One of the sad travel news stories to emerge in 2009 was the report in May that a New England-based educational tour operator for student groups had suddenly filed for a Chapter 7 bankruptcy. The fallout affected student groups from about 40 high schools across the country with trips planned and booked to visit Europe during the summer.
Kids, and their parents, who had conducted fundraisers for months to pay for their trip were suddenly faced with a loss of $4,000 or more per student. Although other student group tour operators admirably stepped in to offer land discounts for alternative trips, the damage was done. Most participants, unable to afford replacement airline tickets and added land costs, were forced to cut their losses and miss their trip.
As comments appeared in newspaper columns from angry parents and shocked teachers about the bankruptcy, it became apparent that a professional travel agent was not involved in many schools to help organize the student bookings. Additionally, many of the school group leaders, who were not agents, either did not insist that student participants obtain a travel insurance plan, or did not arrange a third-party insurance plan that would have protected students in the event of a tour operator bankruptcy or default
What Can Travel Agents Do?
Travel agents should be in touch with their local schools, through parents and teachers, to find out if there is an opportunity for them to get involved in helping organize the booking details of the next student group trip, even if a tour operator will escort the group. Remember that the strongest travel insurance plan teachers and parents can offer their students is one purchased through a travel agent and a third-party travel insurer because it normally will include full Trip Cancellation protection in the event of the tour operator’s financial default or bankruptcy. Additionally, students need emergency medical protection, especially for a foreign trip where more U.S. health care plans, as stated on the U.S. State Department web site (travel.state.gov), do not provide coverage. This emergency medical protection is included in a good travel insurance plan.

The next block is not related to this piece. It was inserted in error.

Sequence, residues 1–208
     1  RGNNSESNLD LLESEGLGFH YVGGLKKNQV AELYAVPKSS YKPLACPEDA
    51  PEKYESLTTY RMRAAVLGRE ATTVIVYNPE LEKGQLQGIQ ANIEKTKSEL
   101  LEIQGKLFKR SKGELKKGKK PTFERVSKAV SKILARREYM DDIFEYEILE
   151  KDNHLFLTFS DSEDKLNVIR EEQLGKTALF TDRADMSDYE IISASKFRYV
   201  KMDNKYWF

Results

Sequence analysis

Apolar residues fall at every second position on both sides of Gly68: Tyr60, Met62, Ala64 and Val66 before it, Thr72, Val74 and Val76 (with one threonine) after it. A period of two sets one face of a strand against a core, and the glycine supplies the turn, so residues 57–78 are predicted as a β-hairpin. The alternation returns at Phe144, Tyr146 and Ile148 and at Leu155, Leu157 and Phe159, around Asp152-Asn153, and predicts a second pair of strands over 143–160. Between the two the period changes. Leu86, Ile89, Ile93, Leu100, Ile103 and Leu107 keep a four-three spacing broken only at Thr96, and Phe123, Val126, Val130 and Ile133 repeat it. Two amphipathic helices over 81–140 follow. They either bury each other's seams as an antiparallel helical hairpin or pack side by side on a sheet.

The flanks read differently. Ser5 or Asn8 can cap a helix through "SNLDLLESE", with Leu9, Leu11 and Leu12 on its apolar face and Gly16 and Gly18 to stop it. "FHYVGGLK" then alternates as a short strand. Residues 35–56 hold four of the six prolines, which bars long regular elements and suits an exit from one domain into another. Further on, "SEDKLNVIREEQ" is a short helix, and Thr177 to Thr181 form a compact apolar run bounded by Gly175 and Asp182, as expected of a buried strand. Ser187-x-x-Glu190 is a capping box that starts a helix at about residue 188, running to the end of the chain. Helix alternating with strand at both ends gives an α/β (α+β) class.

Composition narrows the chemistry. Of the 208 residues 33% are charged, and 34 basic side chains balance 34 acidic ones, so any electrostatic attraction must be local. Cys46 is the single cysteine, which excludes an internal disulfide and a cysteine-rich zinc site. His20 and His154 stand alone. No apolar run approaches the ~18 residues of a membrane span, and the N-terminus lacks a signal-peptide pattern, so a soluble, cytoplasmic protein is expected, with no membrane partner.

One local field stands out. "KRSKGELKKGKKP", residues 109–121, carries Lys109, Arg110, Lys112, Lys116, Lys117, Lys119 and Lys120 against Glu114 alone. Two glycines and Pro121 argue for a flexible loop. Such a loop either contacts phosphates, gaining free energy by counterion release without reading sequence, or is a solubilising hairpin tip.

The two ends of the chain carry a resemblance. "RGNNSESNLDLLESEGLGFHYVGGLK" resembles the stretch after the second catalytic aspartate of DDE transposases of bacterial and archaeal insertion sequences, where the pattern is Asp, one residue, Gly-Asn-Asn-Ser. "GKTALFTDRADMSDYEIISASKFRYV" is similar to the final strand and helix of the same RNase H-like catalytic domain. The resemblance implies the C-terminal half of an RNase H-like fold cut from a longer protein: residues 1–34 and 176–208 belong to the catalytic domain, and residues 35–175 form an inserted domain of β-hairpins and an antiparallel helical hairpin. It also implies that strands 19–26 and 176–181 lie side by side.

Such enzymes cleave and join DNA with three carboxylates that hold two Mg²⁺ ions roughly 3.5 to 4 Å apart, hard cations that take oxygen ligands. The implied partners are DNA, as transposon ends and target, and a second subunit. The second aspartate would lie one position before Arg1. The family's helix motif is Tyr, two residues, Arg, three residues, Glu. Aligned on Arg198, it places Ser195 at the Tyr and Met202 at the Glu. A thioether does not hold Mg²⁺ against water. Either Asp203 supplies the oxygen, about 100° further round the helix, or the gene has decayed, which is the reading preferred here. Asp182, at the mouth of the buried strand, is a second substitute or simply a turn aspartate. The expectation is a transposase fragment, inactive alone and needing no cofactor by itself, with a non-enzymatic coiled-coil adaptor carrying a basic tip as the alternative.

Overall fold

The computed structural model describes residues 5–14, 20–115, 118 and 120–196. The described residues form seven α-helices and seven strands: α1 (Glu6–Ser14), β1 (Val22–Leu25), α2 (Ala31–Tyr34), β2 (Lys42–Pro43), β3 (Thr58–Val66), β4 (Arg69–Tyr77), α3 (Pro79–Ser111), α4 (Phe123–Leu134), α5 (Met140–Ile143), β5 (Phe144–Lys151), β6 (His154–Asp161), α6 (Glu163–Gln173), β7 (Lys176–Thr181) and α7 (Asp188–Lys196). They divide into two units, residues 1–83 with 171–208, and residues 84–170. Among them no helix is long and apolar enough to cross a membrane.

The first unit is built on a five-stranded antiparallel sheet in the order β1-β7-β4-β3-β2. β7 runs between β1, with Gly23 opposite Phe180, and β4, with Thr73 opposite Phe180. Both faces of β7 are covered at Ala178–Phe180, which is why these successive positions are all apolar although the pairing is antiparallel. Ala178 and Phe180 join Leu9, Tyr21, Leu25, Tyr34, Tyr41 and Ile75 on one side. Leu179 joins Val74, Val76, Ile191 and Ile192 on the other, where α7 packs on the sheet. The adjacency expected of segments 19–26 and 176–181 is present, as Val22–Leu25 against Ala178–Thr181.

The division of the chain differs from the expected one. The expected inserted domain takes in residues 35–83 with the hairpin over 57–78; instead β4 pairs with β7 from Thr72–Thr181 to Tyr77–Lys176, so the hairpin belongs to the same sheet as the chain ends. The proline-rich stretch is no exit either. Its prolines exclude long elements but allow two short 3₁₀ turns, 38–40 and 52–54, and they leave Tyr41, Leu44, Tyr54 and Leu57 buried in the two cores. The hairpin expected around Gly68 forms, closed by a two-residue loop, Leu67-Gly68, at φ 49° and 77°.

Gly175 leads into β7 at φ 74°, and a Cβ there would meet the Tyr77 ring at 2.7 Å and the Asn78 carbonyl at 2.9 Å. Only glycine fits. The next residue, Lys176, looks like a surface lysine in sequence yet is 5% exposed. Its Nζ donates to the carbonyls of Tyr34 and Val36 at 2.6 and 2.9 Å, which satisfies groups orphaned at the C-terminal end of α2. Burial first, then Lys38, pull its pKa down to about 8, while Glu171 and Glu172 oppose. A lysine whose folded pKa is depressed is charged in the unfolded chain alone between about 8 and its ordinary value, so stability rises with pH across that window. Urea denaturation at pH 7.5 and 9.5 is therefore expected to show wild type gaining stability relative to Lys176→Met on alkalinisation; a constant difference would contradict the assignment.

As travel professionals, agents should sell their financial expertise in travel to school leaders and parents, especially in helping with planning due diligence. Is the tour operator financially reputable? Are deposited payments being put into an escrow account? Are there strong testimonials from other travel professionals to recommend the chosen operator? Does the operator belong to a respected industry trade association such as SYTA, USTOA or ASTA?
We all know that high school and university teachers, especially in foreign languages and history who do a lot of personal summer travel, sometimes consider themselves experts in travel. But do not sell yourself short by failing to present your credentials as the true travel professional. Ask yourself this question: Is a classroom teacher with some experience in travel any more qualified to arrange their students’ group trip than you would be to go in to school and teach their French or History classes?
We don’t think so either.
John Stone is the Media Relations Manager at Travel Insured International, and a former News Editor at Leisure Travel News and Travel Trade Magazine. He recommends that you take a look at the Student Group Insurance plans at http://www.travelinsured.com/ for valuable information to help you sell that next student group trip.